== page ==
Me: “Do bad people get devoured in cozy books?”

BF: “Nope.”

Me: “Then they’re not very cozy, are they?”

BF: *showing signs of mental hair pulling*

I did end up trying a few categorically cozy mysteries to see what they’re like as the friend requested. And? They’re fine, just not for me. Too tamed and not enough wholesale devouring for my taste (puns maybe intended).

This series is kind of difficult to sum up using existing paranormal books and series as examples or descriptions because it’s in a class of its own. However, if you’ve read one book, you’ve pretty much read them all.

* * * * *

Okay, now onto this book.

It takes place in the town of Bennett, where a wolf pack was massacred in by humans in an attempted land grab and where the apocalypse officially “kicked off.” The story opens after the apocalyptic events of Marked in Flesh (#4) and the timeline runs parallel to Etched in Bone (#5). It runs up to Meg’s kidnapping and recovery and then breaks off to deal with trouble brewing within the town.

Bennett is right in the middle of the wild county. There’s a small farming village close by, but the land is extremely isolated from the rest of the human population and the elders live just on the other side of the invisible border. A group of sanguinati led by Tolya and two wolves, Virgil and Kane who are the only survivors of the slain pack, take on the difficult task of resettling the town by gradually letting select humans come in to work for them.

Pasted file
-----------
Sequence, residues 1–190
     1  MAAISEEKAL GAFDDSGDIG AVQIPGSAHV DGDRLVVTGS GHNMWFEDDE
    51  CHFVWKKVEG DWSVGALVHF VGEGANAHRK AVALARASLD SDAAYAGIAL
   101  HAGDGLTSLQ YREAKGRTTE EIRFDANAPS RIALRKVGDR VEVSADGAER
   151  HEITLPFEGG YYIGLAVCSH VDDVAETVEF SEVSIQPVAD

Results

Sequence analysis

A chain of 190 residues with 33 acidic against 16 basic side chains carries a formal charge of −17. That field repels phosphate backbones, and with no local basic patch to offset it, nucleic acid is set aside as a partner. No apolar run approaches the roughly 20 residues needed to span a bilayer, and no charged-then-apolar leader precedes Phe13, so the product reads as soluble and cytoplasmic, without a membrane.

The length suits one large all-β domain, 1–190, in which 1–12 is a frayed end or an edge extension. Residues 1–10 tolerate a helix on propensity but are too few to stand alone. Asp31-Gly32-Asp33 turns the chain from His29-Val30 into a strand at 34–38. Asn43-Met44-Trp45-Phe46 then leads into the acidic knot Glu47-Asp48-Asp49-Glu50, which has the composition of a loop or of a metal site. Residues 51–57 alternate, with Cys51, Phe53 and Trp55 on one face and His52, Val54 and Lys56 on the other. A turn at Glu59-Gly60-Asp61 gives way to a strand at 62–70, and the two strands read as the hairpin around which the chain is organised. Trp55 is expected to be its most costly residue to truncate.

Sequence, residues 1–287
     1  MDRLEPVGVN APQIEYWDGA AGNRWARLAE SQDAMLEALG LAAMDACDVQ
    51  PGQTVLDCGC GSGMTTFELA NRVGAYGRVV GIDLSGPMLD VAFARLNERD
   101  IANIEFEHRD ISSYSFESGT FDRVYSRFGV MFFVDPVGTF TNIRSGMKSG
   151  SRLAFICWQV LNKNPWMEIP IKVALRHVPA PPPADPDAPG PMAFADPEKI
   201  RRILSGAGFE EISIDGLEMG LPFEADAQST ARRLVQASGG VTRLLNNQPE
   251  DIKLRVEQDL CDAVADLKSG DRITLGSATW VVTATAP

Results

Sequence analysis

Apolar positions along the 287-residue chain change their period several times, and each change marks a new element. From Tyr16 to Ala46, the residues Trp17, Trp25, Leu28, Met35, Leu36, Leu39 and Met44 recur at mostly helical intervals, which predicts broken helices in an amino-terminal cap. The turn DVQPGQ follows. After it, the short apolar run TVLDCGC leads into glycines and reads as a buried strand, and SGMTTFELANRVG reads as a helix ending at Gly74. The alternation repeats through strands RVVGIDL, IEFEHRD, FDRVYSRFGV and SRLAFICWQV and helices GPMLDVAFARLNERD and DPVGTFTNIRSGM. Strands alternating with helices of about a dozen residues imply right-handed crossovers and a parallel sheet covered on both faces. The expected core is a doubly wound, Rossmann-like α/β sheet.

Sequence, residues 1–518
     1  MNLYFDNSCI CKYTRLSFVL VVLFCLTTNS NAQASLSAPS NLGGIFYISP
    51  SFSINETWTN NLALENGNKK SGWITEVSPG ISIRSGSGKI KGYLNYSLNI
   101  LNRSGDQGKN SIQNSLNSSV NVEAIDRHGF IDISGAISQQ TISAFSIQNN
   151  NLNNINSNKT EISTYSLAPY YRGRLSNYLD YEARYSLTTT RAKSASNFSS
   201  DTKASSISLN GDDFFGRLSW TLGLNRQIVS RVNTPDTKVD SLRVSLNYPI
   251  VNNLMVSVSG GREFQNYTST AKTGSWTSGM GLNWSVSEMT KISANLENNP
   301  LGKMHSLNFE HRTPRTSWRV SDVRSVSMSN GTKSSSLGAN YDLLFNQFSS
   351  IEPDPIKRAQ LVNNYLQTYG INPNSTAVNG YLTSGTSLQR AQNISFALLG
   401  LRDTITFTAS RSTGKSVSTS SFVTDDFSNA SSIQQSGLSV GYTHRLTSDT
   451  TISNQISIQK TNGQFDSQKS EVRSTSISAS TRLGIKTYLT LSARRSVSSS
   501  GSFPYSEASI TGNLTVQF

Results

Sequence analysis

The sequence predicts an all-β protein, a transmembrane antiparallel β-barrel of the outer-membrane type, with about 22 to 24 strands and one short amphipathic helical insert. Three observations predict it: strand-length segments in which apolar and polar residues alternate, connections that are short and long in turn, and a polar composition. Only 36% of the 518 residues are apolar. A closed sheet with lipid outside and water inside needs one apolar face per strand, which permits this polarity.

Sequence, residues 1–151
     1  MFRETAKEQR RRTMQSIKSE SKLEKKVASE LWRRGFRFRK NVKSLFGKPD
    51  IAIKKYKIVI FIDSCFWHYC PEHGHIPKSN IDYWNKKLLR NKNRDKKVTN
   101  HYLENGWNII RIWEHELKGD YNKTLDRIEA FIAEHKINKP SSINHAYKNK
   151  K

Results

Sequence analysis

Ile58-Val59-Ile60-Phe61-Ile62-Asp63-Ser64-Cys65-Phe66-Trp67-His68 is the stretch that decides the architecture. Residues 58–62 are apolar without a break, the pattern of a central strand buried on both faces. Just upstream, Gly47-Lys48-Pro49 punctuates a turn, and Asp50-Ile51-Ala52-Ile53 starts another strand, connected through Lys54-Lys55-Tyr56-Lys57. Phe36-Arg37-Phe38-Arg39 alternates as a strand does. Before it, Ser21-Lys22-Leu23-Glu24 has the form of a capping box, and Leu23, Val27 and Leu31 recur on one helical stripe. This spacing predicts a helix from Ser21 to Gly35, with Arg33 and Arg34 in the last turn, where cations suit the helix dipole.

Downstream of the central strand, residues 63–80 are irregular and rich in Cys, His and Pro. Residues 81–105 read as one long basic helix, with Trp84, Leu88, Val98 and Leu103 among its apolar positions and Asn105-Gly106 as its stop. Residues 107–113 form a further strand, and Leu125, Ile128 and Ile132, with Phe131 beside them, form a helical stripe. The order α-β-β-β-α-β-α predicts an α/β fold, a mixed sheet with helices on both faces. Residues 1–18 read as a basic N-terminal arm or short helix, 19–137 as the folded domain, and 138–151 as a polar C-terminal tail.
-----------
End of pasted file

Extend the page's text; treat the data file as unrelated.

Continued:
Most of the people they let in are skilled, hardworking people who really need the jobs and a fresh start. But then there’s the Blackstone clan who are a family of intuit swindlers and grifters; they’re looking for a fresh start as well, but they’re not inclined to share the town. They head to Bennett thinking they could case the area and then push out the Others for control of the town, with the idea of turning it into a paradise for more people like them.

Things… don’t go as planned. Lots of people and Others are killed. The ending is a bloodbath, literally, though not as intense as the ones in previous books. The plotting could have been tighter to ratchet up the tension, about 200 pages could have been cut to quicken the pace, and a couple of the minor character-centric subplots could have been discarded to keep the focus on the action leading up to the showdown between the Blackstones and the Others.

Some familiar characters are back: Jesse Walker and her son Tobias, both intuits from the farming village; Barbara Ellen, assistant vet and Micheal Debaney’s sister; John Wolfgard from the Lakeside bookstore.

Lots of new characters are introduced: Jana, the first and only female cop in this whole world (no joke); Abigail, another intuit who can “read” gemstones and a former Blackstone; Joshua Painter, an orphan raised by panthers; Saul Panthergard, one of Joshua’s adoptive relatives; the Gott family; the Hua-Stone family; Scythe, a harvestor (like Tess).